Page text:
Letters

Letters 08-03-2015

Real Brownfields Deserve Dollars I read with interest the story on Brownfield development dollars in the July 20 issue. I applaud Dan Lathrop and other county commissioners who voted “No” on the Randolph Street project...

Hopping Mad Carlin Smith is hopping mad (“Will You Get Mad With Me?” 7-20-15). Somebody filed a fraudulent return using his identity, and he’s not alone. The AP estimates the government “pays more than $5 billion annually in fraudulent tax refunds.” Well, many of us have been hopping mad for years. This is because the number one tool Congress has used to fix this problem has been to cut the IRS budget –by $1.2 billion in the last 5 years...

Just Grumbling, No Solutions Mark Pontoni’s grumblings [recent Northern Express column] tell us much about him and virtually nothing about those he chooses to denigrate. We do learn that Pontoni may be the perfect political candidate. He’s arrogant, opinionated and obviously dimwitted...

A Racist Symbol I have to respond to Gordon Lee Dean’s letter claiming that the confederate battle flag is just a symbol of southern heritage and should not be banned from state displays. The heritage it represents was the treasonous effort to continue slavery by seceding from a democratic nation unwilling to maintain such a consummate evil...

Not So Thanks I would like to thank the individual who ran into and knocked over my Triumph motorcycle while it was parked at Lowe’s in TC on Friday the 24th. The $3,000 worth of damage was greatly appreciated. The big dent in the gas tank under the completely destroyed chrome badge was an especially nice touch...

Home · Articles · News · Region Watch · Clinch Park Zoo
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Clinch Park Zoo

- December 15th, 2005
Group seeks new wildlife center
Supporters of a proposed wildlife center planned to seek the support of the Traverse City Commission this week for a larger alternative to the Clinch Park Zoo.
Karen Culp of the Citizens for a Wildlife Education Center said the group of at least 20 hopes to establish a new home for the animals of the Clinch Park Zoo. Recently a zoo review committee recommended in a 7-5 vote that the substandard zoo on West Bay be closed.
“We‘re working to make this a regional wildlife center,” Culp says. “We want to bring the city‘s zoo into the 21st century.”
She adds that the group includes experts in zoology, members of the zoo review
committee and Richard Miller, who is currently president of the Grand Traverse
Zoological Society.
As the Express went to press, members of the group were planning to meet with the city commission at a Dec. 12 study session to discuss the fate of the Clinch Park Zoo.
Ideally, they‘d like to establish a regional wildlife center with the cooperation of both the city and Grand Traverse County. One suggested site might be a 500-acre stretch along the Boardman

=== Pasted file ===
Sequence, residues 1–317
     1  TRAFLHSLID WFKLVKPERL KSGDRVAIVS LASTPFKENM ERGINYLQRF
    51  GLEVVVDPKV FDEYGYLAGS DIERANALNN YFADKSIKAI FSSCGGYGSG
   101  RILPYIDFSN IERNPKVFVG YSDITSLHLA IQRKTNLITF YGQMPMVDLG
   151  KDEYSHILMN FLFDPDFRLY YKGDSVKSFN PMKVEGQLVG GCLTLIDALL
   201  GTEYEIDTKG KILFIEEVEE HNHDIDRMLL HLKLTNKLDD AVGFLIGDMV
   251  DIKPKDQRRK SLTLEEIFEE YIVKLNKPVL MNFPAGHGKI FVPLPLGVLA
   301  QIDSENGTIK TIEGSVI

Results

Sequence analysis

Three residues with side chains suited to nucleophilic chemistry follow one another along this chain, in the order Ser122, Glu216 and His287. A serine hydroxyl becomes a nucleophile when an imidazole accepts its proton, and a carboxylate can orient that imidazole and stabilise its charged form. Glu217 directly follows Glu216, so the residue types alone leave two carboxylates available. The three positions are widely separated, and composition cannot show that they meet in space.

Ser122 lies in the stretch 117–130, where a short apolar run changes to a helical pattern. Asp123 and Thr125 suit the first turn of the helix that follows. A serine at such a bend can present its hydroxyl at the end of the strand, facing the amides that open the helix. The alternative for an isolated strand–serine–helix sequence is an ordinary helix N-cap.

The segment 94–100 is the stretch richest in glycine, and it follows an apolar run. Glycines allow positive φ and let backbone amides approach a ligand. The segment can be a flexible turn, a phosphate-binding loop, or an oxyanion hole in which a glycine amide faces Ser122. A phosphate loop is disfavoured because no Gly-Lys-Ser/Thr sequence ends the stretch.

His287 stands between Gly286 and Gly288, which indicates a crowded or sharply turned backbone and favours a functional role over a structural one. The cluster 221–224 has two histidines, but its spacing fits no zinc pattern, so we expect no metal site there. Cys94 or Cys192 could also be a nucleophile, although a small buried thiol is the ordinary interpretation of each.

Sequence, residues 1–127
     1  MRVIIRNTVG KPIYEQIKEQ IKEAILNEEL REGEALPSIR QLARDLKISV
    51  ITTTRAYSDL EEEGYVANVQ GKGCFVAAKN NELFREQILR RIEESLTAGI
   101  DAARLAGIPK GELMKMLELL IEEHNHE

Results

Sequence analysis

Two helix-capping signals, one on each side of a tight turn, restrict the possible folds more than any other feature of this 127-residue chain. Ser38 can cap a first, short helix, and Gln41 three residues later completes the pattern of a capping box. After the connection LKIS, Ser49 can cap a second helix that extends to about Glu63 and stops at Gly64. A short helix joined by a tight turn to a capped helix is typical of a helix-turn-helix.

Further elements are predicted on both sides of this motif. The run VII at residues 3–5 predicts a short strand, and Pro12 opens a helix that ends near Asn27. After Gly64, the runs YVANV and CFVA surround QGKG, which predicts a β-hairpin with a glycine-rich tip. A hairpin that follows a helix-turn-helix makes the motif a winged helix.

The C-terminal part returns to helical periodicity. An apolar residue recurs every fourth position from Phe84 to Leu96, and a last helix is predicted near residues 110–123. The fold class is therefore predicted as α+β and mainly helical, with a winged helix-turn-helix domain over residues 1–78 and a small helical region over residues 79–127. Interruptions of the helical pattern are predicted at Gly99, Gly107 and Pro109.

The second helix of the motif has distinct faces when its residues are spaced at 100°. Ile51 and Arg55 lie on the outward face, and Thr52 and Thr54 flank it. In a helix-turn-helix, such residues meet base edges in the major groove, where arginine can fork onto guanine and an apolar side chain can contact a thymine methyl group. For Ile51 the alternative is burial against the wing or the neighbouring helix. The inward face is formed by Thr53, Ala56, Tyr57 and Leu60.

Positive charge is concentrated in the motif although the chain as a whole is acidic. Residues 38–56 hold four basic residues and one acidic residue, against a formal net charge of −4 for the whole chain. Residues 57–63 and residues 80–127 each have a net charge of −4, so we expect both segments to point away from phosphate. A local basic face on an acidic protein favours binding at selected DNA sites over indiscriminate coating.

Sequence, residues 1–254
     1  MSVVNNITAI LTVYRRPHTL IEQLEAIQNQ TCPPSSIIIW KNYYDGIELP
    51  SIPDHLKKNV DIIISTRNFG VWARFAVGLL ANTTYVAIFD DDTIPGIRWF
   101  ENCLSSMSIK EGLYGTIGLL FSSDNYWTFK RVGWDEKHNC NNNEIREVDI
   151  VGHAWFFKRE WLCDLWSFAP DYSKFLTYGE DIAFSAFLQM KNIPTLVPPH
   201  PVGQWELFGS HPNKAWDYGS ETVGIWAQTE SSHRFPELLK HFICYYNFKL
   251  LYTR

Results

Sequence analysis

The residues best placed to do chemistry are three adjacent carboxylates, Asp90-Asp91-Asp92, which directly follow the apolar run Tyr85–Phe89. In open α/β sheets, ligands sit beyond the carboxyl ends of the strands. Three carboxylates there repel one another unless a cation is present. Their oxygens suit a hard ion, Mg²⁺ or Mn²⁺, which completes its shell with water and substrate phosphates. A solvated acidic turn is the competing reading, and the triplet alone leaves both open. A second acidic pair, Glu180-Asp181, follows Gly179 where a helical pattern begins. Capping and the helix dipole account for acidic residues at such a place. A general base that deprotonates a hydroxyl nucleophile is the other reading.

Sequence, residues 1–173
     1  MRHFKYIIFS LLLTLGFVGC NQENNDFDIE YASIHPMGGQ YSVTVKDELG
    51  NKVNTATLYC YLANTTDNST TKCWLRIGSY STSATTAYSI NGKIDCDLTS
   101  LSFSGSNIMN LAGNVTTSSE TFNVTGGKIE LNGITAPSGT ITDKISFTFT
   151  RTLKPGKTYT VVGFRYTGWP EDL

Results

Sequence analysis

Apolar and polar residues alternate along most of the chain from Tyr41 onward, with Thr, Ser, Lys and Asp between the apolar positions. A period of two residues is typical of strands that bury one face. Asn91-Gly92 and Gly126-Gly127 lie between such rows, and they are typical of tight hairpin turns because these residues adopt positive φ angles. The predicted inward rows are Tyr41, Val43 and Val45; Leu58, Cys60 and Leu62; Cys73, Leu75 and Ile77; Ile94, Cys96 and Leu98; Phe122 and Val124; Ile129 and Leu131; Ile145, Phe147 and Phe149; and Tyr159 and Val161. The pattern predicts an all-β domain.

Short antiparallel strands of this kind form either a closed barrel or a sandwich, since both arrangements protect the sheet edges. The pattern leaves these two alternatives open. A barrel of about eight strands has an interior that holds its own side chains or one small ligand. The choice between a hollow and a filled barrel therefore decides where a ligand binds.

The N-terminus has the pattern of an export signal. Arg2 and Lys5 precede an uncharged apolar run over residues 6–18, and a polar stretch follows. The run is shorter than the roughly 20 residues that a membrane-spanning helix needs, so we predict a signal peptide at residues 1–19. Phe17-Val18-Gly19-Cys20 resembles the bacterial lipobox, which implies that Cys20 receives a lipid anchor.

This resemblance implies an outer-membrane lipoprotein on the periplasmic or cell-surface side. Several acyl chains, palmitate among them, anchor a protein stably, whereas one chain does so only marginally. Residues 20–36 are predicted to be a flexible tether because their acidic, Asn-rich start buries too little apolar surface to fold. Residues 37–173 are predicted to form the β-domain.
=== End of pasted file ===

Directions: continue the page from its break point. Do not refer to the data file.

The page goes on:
River in the local Conservation District. A multi-acre site would make it possible to construct large habitats for the Michigan animal exhibits.
Culp cautions that the planning is still very tentative, including the funding and possible locations for a wildlife center. At this point, the Citizens are investigating the possibility of collaborative efforts with local governments and organizations.
“We know we‘re at the very beginning of this and we‘ve sent the city commission a letter asking for their support.”
-- by Robert Downes

BRIEFS
CEDAR LAKE: The Leelanau Conservancy has signed an option to purchase a historic farmstead with nearly a mile of frontage on Cedar Lake. The 145-acre Louis DeYoung farm is just northwest of Traverse City, with frontage on both sides of Cherry Bend Road.
On Dec.1, the Conservancy put down $50,000 on the $1.8 million purchase. They must raise another $130,000 within 91 days and the full amount by June 1. The TART trail runs through a portion of the land on the lake side.
Plans for the ultimate use of the property are still in the works, but current owners and the Leelanau Conservancy envision it free of development and a place where the public can come to recreate, enjoy nature and possibly learn about community-supported agriculture.
The 145 acres sits in the middle of a rapidly developing residential area. “The DeYoung family turned away many offers from developers and sacrificed financially by offering this property to the Conservancy because they care tremendously about seeing it remain as it is today,” said Matt Heiman, a land protection specialist with the Leelanau Conservancy who has worked with the family for the last four years. “Under some scenarios, the property could have supported as many as 100 homes.”
The land became available when Louis DeYoung, Sr. passed away last year at the age of 104. His son, Ted, says it was his father’s dream to see the land forever preserved. They began exploring options with the Conservancy late in 2003.

MEDICAL MARIJUANA: It was high-fives all around for local cannibis activists who cheered the news last week that the Michigan Legislature will consider a bill supporting medical marijuana.
The bill was introduced to the Michigan House of Representatives by State Rep. LaMar Lemmons III (D-Detroit) with eight co-sponsors. Members of Michigan NORML are looking for a member of the State Senate to introduce a companion bill, making it possible for those suffering from cancer, MS, glaucoma and other debilitating diseases to obtain the pain-reducing benefits of pot.

 
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